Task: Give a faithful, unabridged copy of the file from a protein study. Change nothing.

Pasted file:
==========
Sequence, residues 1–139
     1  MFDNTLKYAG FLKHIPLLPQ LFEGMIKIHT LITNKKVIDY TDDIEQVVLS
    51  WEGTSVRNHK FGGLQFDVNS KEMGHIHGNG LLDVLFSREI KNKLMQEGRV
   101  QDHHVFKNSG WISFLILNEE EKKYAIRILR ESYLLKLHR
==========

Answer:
Sequence, residues 1–139
     1  MFDNTLKYAG FLKHIPLLPQ LFEGMIKIHT LITNKKVIDY TDDIEQVVLS
    51  WEGTSVRNHK FGGLQFDVNS KEMGHIHGNG LLDVLFSREI KNKLMQEGRV
   101  QDHHVFKNSG WISFLILNEE EKKYAIRILR ESYLLKLHR